文化遺産国際協力コンソーシアム Japan Consortium for International Cooperation in Cultural Heritage JCIC-Heritage logo JCIC-Heritage

Survey on the Protection of Cultural Heritage in the Kingdom of Bhutan

Survey on the Protection of Cultural Heritage in the Kingdom of Bhutan

JCIC-Heritage

Bhutan

Cultural Heritage in Bhutan

2010 Fundamental Research
01/03/2011
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BACKGROUND

A Country Still Strongly keeping traditions of Buddhist Culture

Bhutan is known as a country of devout Buddhists where the teachings of Buddhism remain strong in all aspects of people’s life even today. Despite being neighboring to the two vast powers of China and India, the country retains its own unique traditions, and large numbers of cultural heritage and traditional techniques still play a significant role in people’s everyday lives.
Typical tangible cultural heritage in Bhutan includes Dzong(building doubles as prefectural office and monastic center), Lhakhang(temples), Gompa(monastery), Chorten(Buddhist stupa), and old folk houses. Movable assets are represented by Buddhist-related such as Buddhist statues, paintings and scriptures, while the most well-known intangible cultural heritage are a Tibetan Buddhist mask dance called Cham, a yearly festival called Tsechu, and traditional arts and crafts such as texistiles.

Punaka Dzong

Punaka Dzong

ACTIVITIES

Dispatching a survey team to Bhutan

Eastern Bhutan was struck by an earthquake in 2009, causing damage to a large number of temples and folk houses. Information about disaster-affected cultural heritage reached the Japan Consortium for International Cooperation in Cultural Heritage via UNESCO which requested a field survey for support purposes.
Japanese cooperation in the conservation and restoration of historic buildings was provided for 10 years from 1992 by the Agency for Cultural Affairs. However, there has been hardly any information on local cultural heritage protection since this cooperation, and it is recognized that studying the protection status is required when providing any form of support. It is also recognized that widely grasping cooperation needs relating to movable and intangible cultural heritage is required since cooperation has rarely been provided for cultural heritage other than buildings. Thus, the Japan Consortium for International Cooperation in Cultural Heritage to decided to send out a survey teams.
A Tibetan Buddhism scholar with nearly ten years experience as a consultant to the National Library of Bhutan participated in the survey. From the fact that Bhutan is a Buddhist country, a large number of the National Library’s collection is Buddhist scriptures, so this library differs significantly from ordinary libraries in that it is a sutra library that stores Buddhist scriptures. Further, many of the items stored in the National Museum are Buddhist paintings and statues. This survey reminded us that it is necessary to thoroughly understand the spirituality rooted in Mahayana Buddhism when considering protection for cultural heritage in Bhutan due to the country's emphasis on the intangible aspects of its tangible heritage.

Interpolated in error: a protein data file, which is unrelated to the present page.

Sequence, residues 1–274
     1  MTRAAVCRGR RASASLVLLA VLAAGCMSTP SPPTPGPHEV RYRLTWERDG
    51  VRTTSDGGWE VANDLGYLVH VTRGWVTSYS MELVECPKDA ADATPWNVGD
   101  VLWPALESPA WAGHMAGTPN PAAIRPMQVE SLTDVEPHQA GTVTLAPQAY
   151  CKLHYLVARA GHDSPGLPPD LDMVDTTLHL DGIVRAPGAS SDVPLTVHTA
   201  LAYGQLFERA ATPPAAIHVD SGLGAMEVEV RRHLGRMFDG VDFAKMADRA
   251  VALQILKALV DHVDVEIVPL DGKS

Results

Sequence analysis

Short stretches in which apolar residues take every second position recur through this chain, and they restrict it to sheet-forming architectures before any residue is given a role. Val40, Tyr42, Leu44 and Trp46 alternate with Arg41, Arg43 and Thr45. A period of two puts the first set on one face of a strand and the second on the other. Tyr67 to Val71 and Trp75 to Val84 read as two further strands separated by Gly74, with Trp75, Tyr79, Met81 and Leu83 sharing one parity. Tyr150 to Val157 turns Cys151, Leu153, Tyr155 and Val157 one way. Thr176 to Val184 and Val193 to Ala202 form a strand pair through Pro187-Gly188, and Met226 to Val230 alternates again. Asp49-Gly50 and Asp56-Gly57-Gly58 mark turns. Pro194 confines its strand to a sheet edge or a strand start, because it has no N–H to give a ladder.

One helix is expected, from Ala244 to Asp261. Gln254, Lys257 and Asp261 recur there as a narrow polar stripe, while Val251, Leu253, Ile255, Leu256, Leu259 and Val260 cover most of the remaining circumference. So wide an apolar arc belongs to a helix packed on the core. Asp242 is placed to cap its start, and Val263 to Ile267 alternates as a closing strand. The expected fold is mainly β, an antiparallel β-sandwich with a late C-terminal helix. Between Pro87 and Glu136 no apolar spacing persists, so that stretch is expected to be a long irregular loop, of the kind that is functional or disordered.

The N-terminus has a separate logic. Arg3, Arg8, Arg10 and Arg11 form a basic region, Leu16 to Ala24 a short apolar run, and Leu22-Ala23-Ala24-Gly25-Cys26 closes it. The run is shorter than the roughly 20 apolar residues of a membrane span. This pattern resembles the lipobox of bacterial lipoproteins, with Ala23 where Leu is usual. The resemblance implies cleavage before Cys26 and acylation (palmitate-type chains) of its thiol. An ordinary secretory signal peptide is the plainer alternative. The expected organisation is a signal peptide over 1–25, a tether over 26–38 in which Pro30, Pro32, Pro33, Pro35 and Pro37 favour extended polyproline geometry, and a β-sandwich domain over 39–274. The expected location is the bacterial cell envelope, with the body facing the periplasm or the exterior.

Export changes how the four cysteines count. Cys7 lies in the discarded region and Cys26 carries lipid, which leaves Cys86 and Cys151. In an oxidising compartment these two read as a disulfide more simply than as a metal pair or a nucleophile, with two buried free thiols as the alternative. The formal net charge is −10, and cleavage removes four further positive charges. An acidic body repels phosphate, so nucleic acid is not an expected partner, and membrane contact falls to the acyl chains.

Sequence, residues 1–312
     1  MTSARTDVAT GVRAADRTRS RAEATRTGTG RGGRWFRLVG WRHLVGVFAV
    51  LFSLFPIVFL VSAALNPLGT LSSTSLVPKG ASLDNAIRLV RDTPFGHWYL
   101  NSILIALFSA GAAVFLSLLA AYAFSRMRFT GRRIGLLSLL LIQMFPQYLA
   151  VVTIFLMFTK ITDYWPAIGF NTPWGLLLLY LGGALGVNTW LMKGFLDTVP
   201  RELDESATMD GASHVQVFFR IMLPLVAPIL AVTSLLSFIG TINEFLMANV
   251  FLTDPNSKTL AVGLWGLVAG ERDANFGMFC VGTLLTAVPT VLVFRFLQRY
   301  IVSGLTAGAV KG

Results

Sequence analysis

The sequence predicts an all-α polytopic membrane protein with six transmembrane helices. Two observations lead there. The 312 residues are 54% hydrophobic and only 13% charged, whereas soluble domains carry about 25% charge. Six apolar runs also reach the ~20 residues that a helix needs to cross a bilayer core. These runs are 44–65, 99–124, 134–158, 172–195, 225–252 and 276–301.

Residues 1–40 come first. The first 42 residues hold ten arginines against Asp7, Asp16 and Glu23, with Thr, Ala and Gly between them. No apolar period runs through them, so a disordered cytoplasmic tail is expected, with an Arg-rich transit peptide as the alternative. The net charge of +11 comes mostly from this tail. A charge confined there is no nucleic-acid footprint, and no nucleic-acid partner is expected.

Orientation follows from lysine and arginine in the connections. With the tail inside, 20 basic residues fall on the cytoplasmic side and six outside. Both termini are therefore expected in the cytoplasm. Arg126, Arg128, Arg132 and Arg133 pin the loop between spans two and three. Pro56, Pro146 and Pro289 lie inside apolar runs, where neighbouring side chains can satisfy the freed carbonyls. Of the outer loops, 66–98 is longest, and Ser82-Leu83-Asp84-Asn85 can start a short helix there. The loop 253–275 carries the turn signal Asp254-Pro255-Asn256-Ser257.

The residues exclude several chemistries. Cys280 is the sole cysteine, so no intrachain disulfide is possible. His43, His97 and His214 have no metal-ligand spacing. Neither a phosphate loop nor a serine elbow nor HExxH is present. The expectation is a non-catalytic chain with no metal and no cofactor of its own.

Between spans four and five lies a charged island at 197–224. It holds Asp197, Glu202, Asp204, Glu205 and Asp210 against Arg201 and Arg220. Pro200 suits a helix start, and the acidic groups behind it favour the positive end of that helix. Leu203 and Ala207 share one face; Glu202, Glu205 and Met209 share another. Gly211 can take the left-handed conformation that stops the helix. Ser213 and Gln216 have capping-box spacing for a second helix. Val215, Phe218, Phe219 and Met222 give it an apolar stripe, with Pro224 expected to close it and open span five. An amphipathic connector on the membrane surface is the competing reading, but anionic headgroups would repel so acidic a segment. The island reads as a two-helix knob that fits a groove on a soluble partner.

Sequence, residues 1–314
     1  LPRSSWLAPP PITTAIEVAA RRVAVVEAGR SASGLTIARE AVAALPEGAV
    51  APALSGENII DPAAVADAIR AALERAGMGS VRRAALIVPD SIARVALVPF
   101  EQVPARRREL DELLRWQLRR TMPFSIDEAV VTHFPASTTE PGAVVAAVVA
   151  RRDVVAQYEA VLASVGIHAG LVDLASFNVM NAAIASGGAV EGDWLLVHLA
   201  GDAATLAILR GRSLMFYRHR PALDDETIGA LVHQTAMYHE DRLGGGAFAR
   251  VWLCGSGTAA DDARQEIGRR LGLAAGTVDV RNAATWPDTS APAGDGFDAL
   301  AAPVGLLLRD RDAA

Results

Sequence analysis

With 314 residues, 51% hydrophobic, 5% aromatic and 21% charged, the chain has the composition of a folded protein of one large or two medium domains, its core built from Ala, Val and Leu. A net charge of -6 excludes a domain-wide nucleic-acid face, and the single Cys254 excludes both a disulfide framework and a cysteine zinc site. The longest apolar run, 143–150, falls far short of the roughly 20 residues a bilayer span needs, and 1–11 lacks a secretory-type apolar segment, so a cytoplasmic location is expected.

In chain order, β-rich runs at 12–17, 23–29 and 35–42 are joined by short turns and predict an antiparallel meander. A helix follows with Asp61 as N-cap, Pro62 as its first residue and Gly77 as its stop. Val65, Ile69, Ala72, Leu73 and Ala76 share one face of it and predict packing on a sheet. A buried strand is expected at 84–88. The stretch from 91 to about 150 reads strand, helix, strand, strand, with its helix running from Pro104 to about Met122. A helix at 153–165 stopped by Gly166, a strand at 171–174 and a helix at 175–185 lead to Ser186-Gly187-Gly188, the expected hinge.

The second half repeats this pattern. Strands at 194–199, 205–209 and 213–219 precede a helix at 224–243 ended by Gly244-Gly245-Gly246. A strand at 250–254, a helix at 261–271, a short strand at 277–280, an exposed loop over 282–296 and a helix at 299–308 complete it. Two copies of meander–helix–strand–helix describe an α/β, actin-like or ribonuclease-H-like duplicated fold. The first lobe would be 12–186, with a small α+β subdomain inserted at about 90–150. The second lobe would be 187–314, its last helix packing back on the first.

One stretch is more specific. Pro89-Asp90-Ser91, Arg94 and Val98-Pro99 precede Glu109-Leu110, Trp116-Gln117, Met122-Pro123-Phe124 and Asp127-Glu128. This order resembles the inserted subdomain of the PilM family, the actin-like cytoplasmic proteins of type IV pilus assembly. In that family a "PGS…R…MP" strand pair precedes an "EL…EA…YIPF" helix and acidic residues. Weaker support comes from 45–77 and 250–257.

Items from the collection of the National Library

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Traditionally woven fabric

RESULTS

For long-term Cooperation in Bhutan Cultural Heritage

As pointed out in the past expert surveys, our generally held concept of cultural heritage does not exist in Bhutan. Based on Buddhist thinking, cultural heritage deemed worthy of protection by the Bhutanese is in essence spiritual rather than physical. However, this study revealed that this stance is changing in line with modernization. In particular, this study showed that because experts practically involved in the conservation of tangible cultural property are learning techniques and ideas abroad, they are starting to share international ideas about cultural heritage protection.
Oral traditions and traditional weaving techniques emphasized in Bhutan are in danger of dying out in the midst of globalization, and a desire to take measures to support them was shown in this study. In addition, conflicts of opinion concerning whether the earthquake-damaged buildings should be protected by improving their earthquake resistance with modern technology, and whether culturally-valuable traditional styles should be protected were also unearthed by this study. There are hopes that Japan can provide support in a number of areas such as conducting scientific assessments of traditional building technology and improving traditional buildings based on such assessments.
Due to differing ideas about cultural heritage, it is hard to see where Japan can cooperate with Bhutan. It is, therefore, necessary to fully examine how Japan can provide steady cooperation in areas identified in this study, and ensure that this leads to long-term support.

Tsechu at Punaka Dzong

Paro Dzong

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